Columbia digs dinosaurs

By Mateusz Janik, Staff Reporter

Shane Tolentino

Imagine digging knee-deep through layers of soil and sediment just to find an object that may or may not be a prehistoric rock. That pressure, combined with the desert heat, can push any Columbia student over the edge, or it may just be someone’s dream vacation.

Students who took the “Paleontology Field Observation & Methods: Petrified Forest National Park” course in May 2019 traveled to Petrified Forest National Park in Arizona, where they documented fossils and other geological factors.

“I took the class just because I’m a [biology] minor, and I was really interested in fossils,” said Parker Worster, junior photojournalism major. “I was excited to go to Arizona and be able to do something that a lot of people don’t get an opportunity to do.”

Having camped near the site for two weeks, students were tasked with digging for fossils and recording observations into field notebooks that would later be used for their final projects in the form of scientific illustrations and art.

“It’s a growing opportunity to bring art and science together,” said Chris Arnold, assistant professor in the Design Department. “The fact that there [are] so many students doing visual work, it makes sense.”

As part of the Wabash Arts Corridor Crawl on Oct. 18, students who took the course will display a timeline of their trip with data from their notebooks, photographs from the Petrified Forest and other illustrations that were created as a result of their experiences.

“It’s kind of a group effort,” said Ari Ganahl, junior illustration major and co-curator of the upcoming exhibit. “Everyone in the class is still talking and communicating on [setting] it up and putting their own work in.”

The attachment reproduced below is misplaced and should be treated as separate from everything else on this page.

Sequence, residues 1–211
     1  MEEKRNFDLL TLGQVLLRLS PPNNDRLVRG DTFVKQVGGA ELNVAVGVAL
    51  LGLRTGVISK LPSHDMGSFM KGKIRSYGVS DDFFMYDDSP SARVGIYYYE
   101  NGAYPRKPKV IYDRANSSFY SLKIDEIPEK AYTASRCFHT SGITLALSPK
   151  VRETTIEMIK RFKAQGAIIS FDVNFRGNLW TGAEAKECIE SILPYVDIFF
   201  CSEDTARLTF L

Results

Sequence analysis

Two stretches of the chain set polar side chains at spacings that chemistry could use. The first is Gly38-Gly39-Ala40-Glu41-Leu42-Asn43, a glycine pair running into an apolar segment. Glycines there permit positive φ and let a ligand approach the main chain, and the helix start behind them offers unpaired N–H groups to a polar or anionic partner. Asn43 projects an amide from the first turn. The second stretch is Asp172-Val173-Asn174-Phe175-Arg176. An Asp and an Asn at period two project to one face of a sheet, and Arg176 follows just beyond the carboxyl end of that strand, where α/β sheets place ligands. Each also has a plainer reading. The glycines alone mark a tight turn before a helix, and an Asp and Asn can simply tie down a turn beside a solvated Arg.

The exhibit will be located on the seventh floor of 623 S. Wabash Ave. and feature a visual representation of the 14 days of their trip.

“It’s a hodgepodge of the art we made and the things we wrote in our journals,” Ganahl said. “It’s really more about presenting the experience of being there and what the trip is.” Co-taught by Arnold and Dr. Robin Whatley, associate dean of the School of Liberal Arts and Sciences and director of the honors program, the course focuses on observing and collecting vertebrate fossils from the late Triassic period—251-199 million years ago—while recording data and making observations.

“In order to actually understand something about the park and get something out of the trip, they have to learn a little bit about the evolution of vertebrates,” Whatley said.

Whatley introduced the course in 2015, and later taught it along with Arnold in 2017 as a collaboration between students interested in science, many of them majoring in illustration, with the focus primarily on each students’ field notebook and what they write.

“The field notebook is actually the method that I use and every paleontologist uses when they go into the field on [an] expedition to take notes,” Whatley explains. “In the future … the field notebook could be picked up by anybody who’s trying to go back to that area or learn something about that trip.”

By using the field books, Arnold hopes to attract more interest by framing the students’ experience visually for people to see.

“The main goal of the exhibit is really to help anyone who isn’t quite familiar with both the [Petrified Forest] and what we’re doing in the classroom,” said Arnold. “Whatever the creative output is, whether it’s a performance, photography, drawing, you’ll see those in line with the exhibition.”


Correction 09/26/19 at 12:26 p.m.: A previous version of this article stated the incorrect year Arnold began to instruct the course and the incorrect area of study. The Chronicle regrets this error.